Sand in the Sandwiches at Bath Theatre Royal

In the bar of the Spotted Cow . . .

Ah, there you are, I thought I’d catch you in here at lunchtime.  Without your good lady I see. Would you like another Doombar to wash down the ploughman’s? Bit of a house speciality, it’s the local cheese I think.

That’s kind, don’t mind if I do.

I saw you in the bar of the Royal last night. How wonderful was Mr Fox, what a fine actor he is.

Indeed, one of the best, though rather too thin and hirsute to be a doppelganger, don’t you think?

But he embodied the spirit of the man, I thought.

Ah, yes, in that respect our National Treasure to a ‘T’: the surprise gesticulation, the hands aloft as if in praise. The gently wicked, playful glint, the wit was there for all to see.  The love of a certain kind of woman too – sun bronzed and fit.

And fit to woo. Not alone there I think.


And Archibald, a tender passion, requited love inanimate.

I had a bear, I sympathised there. I think he’s in the loft somewhere.

His guv’nor was – what would you say, I think I know the type? He warned him in his clumsy way against a certain kind of chap, the Wildean sort, Lord Alfred D. and co.  (Ahem.) The buggery was a bit of an eye-opener.

So I believe.

I mean as being the sport of aesthetes at Oxford, as a loosener for cocktails.  We didn’t go in for that sort of thing at Bristol, it, sounds a different world.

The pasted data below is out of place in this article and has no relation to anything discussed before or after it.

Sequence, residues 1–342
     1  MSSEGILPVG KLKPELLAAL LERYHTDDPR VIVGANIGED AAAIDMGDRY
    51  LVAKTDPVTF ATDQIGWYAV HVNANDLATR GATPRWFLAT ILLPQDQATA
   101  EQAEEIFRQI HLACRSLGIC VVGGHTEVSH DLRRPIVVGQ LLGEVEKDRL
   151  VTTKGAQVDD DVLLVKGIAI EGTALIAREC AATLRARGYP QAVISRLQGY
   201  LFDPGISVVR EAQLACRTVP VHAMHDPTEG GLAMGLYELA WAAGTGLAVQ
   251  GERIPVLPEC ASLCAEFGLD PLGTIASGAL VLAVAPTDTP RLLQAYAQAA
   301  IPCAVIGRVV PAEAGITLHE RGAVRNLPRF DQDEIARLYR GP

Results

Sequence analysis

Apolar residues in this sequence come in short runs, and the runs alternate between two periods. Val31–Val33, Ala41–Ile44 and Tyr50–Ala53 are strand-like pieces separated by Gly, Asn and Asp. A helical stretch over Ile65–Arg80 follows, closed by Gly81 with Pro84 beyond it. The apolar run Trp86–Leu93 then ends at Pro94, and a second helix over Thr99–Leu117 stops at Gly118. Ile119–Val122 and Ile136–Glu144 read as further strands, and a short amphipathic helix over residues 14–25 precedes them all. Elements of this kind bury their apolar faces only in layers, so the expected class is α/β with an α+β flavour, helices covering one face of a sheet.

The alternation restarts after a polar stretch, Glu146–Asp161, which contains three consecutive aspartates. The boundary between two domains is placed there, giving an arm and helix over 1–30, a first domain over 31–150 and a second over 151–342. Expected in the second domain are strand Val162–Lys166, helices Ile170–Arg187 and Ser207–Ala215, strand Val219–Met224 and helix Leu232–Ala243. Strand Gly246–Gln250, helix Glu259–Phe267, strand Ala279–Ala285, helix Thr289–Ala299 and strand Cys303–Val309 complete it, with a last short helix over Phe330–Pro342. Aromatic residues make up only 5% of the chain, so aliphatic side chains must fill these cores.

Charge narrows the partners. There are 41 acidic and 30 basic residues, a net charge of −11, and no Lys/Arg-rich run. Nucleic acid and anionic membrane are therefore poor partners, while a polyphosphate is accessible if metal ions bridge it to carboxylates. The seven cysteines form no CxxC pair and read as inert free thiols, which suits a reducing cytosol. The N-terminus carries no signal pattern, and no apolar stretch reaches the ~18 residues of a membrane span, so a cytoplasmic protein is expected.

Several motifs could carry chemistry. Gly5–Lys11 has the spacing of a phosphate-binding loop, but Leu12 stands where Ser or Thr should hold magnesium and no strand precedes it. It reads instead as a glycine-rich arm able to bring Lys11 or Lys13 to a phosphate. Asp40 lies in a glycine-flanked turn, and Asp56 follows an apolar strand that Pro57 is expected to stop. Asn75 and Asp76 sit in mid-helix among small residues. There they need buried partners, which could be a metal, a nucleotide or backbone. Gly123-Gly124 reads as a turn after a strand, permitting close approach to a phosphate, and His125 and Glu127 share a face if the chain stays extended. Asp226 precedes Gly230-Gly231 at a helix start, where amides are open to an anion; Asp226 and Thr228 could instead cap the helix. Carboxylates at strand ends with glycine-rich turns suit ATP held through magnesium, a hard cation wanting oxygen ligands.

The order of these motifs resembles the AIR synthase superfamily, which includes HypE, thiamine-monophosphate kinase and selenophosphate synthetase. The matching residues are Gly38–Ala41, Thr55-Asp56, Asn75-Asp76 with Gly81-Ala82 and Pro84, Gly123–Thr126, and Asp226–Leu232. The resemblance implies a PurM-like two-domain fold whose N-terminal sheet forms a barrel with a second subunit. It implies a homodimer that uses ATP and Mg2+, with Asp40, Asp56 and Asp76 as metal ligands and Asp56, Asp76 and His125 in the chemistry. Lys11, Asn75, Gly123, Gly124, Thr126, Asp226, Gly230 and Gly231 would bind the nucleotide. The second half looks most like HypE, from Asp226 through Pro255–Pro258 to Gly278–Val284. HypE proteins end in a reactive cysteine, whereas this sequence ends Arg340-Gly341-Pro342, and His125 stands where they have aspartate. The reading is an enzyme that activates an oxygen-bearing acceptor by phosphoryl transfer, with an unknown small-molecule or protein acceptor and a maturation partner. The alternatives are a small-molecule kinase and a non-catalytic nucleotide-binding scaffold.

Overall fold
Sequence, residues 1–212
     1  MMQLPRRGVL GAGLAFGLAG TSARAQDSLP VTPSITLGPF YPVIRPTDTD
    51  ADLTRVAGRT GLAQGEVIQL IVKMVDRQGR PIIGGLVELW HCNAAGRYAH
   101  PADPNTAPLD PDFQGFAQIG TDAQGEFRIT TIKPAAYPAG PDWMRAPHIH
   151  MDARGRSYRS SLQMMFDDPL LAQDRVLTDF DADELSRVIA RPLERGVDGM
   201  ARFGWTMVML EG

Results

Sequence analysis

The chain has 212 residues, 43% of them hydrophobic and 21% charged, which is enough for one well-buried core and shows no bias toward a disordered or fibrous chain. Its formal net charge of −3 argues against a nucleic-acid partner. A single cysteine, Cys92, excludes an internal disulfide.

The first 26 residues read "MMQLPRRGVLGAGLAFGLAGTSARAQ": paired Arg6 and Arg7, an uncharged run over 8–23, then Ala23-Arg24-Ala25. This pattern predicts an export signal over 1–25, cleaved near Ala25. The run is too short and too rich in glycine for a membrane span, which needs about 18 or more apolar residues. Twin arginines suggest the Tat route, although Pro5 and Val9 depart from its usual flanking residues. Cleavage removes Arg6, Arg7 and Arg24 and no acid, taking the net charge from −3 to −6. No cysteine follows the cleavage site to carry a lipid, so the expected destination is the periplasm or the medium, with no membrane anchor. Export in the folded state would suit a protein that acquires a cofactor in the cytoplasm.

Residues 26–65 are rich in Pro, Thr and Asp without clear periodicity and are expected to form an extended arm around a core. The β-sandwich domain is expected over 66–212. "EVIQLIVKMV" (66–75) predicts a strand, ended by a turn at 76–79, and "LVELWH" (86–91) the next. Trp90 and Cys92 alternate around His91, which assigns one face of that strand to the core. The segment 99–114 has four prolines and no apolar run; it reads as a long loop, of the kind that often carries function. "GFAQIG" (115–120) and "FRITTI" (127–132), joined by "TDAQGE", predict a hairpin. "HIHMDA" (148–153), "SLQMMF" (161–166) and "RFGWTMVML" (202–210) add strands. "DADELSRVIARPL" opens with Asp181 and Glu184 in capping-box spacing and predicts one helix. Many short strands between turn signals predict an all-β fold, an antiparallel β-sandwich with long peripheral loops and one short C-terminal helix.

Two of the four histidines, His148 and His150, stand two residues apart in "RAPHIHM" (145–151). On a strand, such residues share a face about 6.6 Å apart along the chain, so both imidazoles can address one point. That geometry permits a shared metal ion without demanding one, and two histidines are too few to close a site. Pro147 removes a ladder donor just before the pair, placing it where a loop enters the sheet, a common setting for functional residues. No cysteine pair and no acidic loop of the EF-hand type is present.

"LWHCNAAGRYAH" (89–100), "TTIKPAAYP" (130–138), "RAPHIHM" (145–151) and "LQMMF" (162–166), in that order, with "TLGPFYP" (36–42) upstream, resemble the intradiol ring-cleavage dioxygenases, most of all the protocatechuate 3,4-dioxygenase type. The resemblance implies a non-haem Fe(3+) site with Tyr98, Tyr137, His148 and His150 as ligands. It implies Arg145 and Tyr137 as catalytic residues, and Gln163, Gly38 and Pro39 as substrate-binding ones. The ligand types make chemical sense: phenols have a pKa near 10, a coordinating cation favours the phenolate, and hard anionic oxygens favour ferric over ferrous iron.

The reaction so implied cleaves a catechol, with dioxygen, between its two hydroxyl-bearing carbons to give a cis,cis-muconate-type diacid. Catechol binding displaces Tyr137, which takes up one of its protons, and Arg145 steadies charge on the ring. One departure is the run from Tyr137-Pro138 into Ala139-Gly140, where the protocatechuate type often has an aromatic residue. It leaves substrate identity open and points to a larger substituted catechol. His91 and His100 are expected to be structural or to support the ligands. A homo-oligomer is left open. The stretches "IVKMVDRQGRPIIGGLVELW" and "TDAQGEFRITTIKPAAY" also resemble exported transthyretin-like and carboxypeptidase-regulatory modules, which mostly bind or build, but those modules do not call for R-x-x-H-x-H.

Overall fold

You didn’t breed spies.

Or at least they weren’t exposed. How clever Mr Whitemore has drawn the threads together and blended verse and prose as one; a reminiscence full of fun. He’s fifty isn’t he, I think I’m right, as he looks back? A half-term report on a life well lived with more to come and more to give – I can’t believe he’s gone. A time before the mobile phone; burnt orange is the light that seems to bathe the home counties and westward down to Cornwall under his gaze. And Mr Fox was there, a reluctant sport in the clubhouse, how cleverly he caught the mood. Or on his childhood cliffs at Trebetherick, I know them well.  The perfect way to tell the story of a life – by peers not taken seriously, but loved by common man.

So he was. There will never be another, not in our lifetime at least. More beer? My round.

Why not? And then I think I’ll go into the park and watch the bowls or close my eyes and listen to the ‘chock’.

How perfect, I might join you.

The spirit of Sir John will gaze benignly down I have no doubt.  Drink up.   ★★★★☆    Graham Wyles    13th July 2017



Photo by Geraint Lewis